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Author Topic: Rapper Finds Order in Orthodox Judaism in Israel  (Read 279 times) Average Rating: 0
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Jetavan
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« on: November 12, 2010, 07:39:16 PM »

From NYTimes:


Quote
JERUSALEM — The tall man in the velvet fedora and knee-length black jacket with ritual fringes peeking out takes long, swift strides toward the Western Wall. It’s late in the day, and he does not want to miss afternoon prayers at Judaism’s holiest site.

“We have to get there before the sun goes down,” he says, his stare fixed behind a pair of Ray-Ban sunglasses, the first clue that this is no ordinary Jerusalem man of God. It’s the rapper Shyne, the Sean Combs protégé who served almost nine years in New York prisons for opening fire in a nightclub in 1999 during an evening out with Mr. Combs and his girlfriend at the time, Jennifer Lopez.

“My entire life screams that I have a Jewish neshama,” he said, using the Hebrew word for soul.

Living as Moses Levi, an Orthodox Jew in Jerusalem (he legally changed his name from Jamaal Barrow), he shuttles between sessions of Talmud study with some of the most religiously stringent rabbis in the city and preparations for a musical comeback."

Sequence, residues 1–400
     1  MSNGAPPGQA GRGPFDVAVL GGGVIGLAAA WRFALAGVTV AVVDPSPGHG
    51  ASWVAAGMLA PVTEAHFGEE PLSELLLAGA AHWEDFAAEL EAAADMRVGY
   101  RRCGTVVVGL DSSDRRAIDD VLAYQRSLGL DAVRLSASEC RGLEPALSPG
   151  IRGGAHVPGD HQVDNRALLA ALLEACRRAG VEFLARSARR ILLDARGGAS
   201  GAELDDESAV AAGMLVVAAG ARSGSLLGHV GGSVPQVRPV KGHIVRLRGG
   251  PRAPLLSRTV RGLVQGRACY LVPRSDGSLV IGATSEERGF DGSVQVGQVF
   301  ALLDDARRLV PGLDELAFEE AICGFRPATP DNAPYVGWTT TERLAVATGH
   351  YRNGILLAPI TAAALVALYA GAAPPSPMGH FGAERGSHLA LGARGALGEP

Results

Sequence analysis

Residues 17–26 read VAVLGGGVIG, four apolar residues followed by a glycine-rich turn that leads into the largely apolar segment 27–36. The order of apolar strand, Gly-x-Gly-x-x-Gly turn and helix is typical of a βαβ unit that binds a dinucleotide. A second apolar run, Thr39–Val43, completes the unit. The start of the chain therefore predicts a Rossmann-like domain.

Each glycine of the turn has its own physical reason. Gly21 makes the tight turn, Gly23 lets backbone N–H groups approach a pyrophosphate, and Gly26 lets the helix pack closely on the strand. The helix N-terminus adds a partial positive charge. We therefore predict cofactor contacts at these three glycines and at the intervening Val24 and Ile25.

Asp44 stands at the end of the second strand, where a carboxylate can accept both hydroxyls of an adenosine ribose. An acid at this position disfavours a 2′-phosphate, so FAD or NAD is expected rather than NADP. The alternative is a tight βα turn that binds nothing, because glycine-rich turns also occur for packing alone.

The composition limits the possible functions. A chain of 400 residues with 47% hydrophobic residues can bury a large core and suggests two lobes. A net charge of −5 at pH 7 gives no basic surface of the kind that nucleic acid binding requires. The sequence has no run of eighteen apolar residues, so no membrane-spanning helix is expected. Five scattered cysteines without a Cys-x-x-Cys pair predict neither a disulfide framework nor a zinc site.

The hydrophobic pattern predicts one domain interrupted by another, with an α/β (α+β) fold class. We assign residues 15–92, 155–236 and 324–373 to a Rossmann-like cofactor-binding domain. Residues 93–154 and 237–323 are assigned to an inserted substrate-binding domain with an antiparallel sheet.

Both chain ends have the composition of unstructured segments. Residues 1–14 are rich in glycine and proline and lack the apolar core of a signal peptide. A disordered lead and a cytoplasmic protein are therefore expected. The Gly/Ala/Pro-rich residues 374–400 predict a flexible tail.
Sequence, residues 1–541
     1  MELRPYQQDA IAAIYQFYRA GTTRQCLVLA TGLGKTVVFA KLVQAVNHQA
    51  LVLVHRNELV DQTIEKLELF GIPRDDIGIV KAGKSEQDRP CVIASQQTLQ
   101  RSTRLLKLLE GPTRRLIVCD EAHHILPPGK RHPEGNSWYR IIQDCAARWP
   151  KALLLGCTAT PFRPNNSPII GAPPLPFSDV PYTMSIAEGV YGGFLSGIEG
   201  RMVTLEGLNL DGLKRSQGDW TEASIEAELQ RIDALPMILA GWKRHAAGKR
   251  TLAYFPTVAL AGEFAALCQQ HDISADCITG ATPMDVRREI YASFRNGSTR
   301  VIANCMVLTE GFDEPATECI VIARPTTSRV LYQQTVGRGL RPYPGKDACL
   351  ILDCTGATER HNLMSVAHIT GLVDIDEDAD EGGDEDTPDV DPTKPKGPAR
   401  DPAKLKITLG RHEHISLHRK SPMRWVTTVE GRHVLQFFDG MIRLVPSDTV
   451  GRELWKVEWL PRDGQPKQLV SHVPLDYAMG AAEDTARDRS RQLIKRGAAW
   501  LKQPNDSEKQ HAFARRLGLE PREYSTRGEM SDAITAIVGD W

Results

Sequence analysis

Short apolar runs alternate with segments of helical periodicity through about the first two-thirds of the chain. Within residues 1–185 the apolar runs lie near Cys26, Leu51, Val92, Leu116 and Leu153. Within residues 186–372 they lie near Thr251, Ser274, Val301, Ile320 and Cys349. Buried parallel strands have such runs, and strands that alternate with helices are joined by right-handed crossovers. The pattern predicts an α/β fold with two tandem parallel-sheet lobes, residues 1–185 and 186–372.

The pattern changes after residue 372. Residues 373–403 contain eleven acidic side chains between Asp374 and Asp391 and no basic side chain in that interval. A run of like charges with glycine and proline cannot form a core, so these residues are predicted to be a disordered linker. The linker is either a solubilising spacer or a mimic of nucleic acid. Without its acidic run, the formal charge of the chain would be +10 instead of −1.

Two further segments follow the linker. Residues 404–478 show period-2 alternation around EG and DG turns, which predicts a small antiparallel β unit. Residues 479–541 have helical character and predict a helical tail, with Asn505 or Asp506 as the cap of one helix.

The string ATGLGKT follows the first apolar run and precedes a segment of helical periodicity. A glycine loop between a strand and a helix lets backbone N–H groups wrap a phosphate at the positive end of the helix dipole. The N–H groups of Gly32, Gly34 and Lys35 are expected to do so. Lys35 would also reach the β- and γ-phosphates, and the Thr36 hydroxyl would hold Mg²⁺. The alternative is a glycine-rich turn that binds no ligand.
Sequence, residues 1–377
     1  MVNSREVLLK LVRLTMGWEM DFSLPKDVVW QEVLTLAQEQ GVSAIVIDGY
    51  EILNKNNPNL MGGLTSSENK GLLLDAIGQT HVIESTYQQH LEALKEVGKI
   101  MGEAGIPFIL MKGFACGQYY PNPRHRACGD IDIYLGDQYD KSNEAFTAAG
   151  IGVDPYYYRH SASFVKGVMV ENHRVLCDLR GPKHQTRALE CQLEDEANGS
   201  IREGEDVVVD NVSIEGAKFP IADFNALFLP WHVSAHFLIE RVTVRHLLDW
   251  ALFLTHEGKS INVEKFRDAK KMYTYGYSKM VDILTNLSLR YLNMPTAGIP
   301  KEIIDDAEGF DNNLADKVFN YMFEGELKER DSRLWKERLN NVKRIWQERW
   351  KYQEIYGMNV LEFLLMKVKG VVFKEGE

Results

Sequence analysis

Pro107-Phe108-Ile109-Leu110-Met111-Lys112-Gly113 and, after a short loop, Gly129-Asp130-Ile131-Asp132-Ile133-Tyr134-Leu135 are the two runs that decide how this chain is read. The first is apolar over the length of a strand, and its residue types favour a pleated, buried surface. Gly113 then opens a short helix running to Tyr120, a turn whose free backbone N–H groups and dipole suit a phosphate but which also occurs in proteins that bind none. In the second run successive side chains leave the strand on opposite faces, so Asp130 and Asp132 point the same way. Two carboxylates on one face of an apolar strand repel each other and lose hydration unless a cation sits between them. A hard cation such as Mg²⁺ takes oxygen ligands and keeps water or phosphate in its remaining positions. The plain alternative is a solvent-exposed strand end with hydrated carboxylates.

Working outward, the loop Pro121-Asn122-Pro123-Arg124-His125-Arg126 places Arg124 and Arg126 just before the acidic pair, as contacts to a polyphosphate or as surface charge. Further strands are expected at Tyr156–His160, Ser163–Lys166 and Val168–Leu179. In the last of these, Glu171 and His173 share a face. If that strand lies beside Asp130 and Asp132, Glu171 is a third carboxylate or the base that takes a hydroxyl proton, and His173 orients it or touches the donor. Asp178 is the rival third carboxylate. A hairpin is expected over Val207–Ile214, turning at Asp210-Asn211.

....
As a teenager he started reading the Bible, relating to the stories of King David and Moses that he had first heard from his grandmother. At 13 (bar mitzvah age, he notes) he began to identify himself as “an Israelite,” a sensibility reinforced after finding out his great-grandmother was Ethiopian; he likes to wonder aloud whether she might have been Jewish.
....
Arriving at a small hummus restaurant, he recited the blessing for bread over a piece of warm pita. With him were two rabbis. Jeffrey Seidel, one of the rabbis, said he been moved by the depth of Mr. Levi’s intellectual curiosity and dedication to Judaism.

Their current focus of study together: Sabbath laws. For Mr. Levi they help explain his attraction to Judaism.

“What I do get is boundaries,” he said. “Definition and form. And that is what Shabbat is. You can’t just do whatever you want to do. You have to set limits for yourself.

“All these rules, rules, rules,” he said with his hand on an open page of the Talmud. “But you know what you have if you don’t have rules? You end up with a bunch of pills in your stomach. When you don’t know when to say when and no one tells you no, you go off the deep.”

I wonder if he considered the possibility that his great-grandmother was Ethiopian Orthodox?
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